How a Foreclosure Can Affect Your Credit Rating
Your credit rating can affect your ability to secure a loan for a home, vehicle, or business. Some employers even check potential employees’ credit scores. So your score can even affect your employment opportunities. Therefore, it is important for your future that you learn about your credit score and how a foreclosure may affect your future.
Your score is based on your payment history, the amount you owe, the length of your credit history, the types of credit you use and the credit you have available. Your score can take a hit every time you make a late payment. Your score can also drop dramatically if you file for bankruptcy or have your home foreclosed.
It is common for people with credit scores as high as 700 to see their score drop to 400 after a foreclosure. In other words, your score can go from “good” to “poor” in a short period of time. The good news is that you will have an opportunity to repair your credit.
A foreclosure can remain active on your credit report for seven years, but it won’t ruin your score for life. If you keep all of your credit obligations in good standing, your score may begin to rebound within a couple of years of your foreclosure. Remember, your foreclosure is only one negative item on your report. Your foreclosure will cause less damage if it is the only issue on your report.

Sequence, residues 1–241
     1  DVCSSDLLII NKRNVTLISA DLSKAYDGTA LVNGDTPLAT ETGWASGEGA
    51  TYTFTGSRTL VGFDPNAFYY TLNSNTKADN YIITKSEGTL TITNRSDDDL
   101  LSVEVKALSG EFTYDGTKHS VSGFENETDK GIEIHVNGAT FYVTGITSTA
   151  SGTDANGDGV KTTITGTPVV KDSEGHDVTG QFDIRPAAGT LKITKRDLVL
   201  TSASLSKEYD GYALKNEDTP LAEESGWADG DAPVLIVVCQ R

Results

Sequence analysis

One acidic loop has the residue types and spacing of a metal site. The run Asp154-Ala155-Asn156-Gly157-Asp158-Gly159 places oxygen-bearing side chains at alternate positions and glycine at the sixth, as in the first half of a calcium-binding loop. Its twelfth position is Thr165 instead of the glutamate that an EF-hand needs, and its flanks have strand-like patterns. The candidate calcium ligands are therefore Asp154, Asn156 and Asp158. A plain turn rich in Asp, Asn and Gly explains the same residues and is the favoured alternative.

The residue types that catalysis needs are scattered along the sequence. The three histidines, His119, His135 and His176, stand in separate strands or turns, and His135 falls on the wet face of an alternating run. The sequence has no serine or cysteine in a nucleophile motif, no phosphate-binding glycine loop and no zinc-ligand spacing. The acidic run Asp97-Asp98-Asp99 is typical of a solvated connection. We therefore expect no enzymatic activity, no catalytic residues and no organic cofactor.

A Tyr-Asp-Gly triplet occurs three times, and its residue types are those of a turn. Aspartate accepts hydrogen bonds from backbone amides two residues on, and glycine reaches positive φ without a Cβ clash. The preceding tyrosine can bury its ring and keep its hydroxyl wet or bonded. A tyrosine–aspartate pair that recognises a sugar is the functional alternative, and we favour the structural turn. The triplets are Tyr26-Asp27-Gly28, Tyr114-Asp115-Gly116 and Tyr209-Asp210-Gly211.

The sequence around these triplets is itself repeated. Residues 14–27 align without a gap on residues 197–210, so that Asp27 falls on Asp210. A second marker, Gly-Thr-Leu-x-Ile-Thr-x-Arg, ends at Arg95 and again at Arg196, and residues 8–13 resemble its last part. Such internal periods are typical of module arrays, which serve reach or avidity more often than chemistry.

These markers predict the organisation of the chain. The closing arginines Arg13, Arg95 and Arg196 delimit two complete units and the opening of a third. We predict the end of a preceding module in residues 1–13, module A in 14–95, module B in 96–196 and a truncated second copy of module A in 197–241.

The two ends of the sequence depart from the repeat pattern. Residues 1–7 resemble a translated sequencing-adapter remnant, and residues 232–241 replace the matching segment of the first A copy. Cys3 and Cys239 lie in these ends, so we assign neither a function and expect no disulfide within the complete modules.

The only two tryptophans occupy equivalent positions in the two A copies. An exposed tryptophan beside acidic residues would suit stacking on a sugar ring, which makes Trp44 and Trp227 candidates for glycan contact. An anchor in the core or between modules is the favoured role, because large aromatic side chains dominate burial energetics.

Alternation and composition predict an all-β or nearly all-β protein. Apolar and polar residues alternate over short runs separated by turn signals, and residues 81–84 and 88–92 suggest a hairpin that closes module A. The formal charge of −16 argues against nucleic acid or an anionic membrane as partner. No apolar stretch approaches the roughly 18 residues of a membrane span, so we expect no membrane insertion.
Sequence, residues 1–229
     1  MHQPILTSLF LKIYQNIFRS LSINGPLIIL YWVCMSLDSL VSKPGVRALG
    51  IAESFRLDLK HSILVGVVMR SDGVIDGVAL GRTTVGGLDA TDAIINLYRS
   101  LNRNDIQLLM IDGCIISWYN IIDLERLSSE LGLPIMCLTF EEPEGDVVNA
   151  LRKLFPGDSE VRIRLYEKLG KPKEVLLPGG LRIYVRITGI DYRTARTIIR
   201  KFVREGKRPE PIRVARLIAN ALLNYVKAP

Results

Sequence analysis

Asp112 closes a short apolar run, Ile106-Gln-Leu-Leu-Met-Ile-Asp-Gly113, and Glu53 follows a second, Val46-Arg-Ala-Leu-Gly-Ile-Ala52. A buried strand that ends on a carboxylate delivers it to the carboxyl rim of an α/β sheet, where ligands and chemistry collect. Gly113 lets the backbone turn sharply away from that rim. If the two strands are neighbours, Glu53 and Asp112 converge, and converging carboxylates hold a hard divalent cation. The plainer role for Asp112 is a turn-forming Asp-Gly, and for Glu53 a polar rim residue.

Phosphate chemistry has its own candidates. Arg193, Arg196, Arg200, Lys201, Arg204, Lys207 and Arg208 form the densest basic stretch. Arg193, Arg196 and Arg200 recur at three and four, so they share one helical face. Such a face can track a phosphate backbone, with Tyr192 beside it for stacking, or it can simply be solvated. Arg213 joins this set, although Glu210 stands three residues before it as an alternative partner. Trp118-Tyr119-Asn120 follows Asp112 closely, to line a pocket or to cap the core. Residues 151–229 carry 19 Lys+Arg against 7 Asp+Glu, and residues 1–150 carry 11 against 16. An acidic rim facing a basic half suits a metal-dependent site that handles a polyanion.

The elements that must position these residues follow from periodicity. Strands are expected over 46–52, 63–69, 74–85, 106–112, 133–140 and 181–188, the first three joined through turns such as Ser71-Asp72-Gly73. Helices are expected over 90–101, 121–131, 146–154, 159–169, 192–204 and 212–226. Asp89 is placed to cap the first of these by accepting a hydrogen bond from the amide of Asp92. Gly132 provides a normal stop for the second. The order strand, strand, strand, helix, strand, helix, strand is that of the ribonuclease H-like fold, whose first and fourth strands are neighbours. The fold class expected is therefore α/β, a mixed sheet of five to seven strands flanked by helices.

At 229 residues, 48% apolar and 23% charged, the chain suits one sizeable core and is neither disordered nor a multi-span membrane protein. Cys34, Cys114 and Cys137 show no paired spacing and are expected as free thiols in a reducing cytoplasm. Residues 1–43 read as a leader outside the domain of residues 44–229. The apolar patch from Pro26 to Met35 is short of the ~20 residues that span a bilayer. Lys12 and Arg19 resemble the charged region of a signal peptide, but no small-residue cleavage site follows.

The best way to recover from a foreclosure is to keep your finances under control. It is advisable to keep only a few credit cards and to make payments on time every month. Even if you can only make minimum payments, it is preferable to miss a payment than make a late payment. Create a budget, stick to it, and stay on top of your bills.
Going through a foreclosure can be stressful. Remember that you are not alone. There are resources available to help you understand your situation and professionals who can guide you through the proceedings. You will get back on your feet and your credit score will recover. An experienced Orange County foreclosure attorney from McFarlin LLP can help explain your options. To learn more through a free consultation, call us at (888) 728-0044.Post Tags: